The unexpected release of chemicals into the environment requires estimation of human health risks, followed by risk management decisions. When environmental concentrations of toxicants are associated with adverse health risks, the limit for analytical measurement needs to be at or below the risk threshold. The aim of this study was to assess chemical contaminants that have the potential to produce acute adverse human health impacts following oral consumption of contaminated drinking water. The U.S. Environmental Protection Agency’s (EPA) Candidate Contaminant List, version 4 (CCL4) and EPA’s Selected Analytical Methods (SAM) document were screened to identify 24 chemicals that exist as a solid or liquid at room temperature, with acute oral LD50 (lethal dose in 50% of the test population) values < 500 mg/kg-d and water solubility > 500 mg/L at ambient temperature. While these screening criteria were used to identify prioritized needs for targeted research, it does not imply that other chemicals on the CCL4 and SAM lists are not issues in acute and chronic exposures. Of these 24 most toxic and most soluble chemicals, this evaluation identified 6 chemicals (2-chlorovinylarsonous acid, lewisite, N-nitrosopyrrolidine, N-nitrosodiethylamine, 3-hydroxycarbofuran, and triethylamine) lacking either sufficient toxicity value information or analytical sensitivity required to detect at levels protective against adverse effects in adults for acute exposures. This assessment provides an approach for gap identification and highlights research needs related to water contamination incident involving these six priority chemicals.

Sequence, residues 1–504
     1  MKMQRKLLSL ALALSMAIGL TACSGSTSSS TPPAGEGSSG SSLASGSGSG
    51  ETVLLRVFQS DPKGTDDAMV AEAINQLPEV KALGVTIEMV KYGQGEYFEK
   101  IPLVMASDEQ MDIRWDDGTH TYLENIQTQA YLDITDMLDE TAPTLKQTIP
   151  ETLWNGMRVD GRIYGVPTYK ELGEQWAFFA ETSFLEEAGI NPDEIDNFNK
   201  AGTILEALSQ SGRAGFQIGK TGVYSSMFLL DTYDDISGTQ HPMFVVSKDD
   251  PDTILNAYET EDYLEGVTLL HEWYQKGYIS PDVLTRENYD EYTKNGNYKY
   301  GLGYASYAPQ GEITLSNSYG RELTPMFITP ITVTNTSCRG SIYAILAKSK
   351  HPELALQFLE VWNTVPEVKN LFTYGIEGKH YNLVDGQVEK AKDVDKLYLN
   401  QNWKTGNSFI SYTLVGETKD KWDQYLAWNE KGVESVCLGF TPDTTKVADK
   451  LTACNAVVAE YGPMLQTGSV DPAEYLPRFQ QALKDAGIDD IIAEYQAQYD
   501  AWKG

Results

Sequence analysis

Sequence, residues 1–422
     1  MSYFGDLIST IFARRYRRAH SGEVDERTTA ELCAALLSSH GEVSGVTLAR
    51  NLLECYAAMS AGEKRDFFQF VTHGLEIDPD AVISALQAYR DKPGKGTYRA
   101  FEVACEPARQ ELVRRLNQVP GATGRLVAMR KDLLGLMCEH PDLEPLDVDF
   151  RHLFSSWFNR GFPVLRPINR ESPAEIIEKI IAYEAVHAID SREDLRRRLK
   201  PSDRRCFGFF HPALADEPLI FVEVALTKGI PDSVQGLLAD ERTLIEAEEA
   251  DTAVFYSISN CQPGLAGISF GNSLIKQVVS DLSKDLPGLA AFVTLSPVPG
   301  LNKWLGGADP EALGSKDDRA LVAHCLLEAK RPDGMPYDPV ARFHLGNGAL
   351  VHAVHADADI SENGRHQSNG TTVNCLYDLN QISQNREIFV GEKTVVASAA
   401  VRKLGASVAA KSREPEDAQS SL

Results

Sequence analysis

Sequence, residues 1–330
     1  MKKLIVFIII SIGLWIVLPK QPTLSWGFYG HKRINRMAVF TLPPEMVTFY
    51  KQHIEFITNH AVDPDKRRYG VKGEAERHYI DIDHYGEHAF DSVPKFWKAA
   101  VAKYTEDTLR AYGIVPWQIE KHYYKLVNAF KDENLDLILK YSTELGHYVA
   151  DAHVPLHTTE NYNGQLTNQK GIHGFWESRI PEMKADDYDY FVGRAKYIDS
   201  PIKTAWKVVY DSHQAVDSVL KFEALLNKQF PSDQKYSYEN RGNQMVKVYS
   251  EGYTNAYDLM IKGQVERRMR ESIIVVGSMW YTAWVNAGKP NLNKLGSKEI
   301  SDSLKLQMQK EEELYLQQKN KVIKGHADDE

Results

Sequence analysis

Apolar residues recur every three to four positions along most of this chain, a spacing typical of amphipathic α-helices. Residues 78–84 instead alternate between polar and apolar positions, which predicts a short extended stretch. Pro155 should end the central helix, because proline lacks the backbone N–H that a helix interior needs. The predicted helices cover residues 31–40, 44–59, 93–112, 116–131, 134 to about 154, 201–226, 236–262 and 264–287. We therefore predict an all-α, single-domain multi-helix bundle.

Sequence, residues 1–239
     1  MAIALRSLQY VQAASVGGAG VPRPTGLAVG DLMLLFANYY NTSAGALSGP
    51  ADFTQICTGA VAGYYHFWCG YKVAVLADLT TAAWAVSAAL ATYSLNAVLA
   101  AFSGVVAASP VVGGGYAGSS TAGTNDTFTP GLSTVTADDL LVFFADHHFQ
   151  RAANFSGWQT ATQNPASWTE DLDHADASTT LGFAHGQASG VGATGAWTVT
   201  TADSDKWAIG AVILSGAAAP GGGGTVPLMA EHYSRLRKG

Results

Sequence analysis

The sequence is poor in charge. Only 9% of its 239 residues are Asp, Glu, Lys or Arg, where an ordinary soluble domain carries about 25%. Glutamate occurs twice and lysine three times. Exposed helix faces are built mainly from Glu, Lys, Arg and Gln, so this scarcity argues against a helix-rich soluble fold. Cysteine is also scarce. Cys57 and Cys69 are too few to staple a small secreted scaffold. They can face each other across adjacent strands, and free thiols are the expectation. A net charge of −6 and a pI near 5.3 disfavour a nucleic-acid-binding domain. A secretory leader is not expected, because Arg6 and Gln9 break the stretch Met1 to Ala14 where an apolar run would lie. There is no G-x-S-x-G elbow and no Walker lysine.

Authors: Marisa Pfohl, Erin Silvestri, John C Lipscomb, Emily Snyder, Stuart Willison
; Full Source: Journal of toxicology and environmental health. Part A 2022 Apr 30;1-26. doi: 10.1080/15287394.2022.2064949.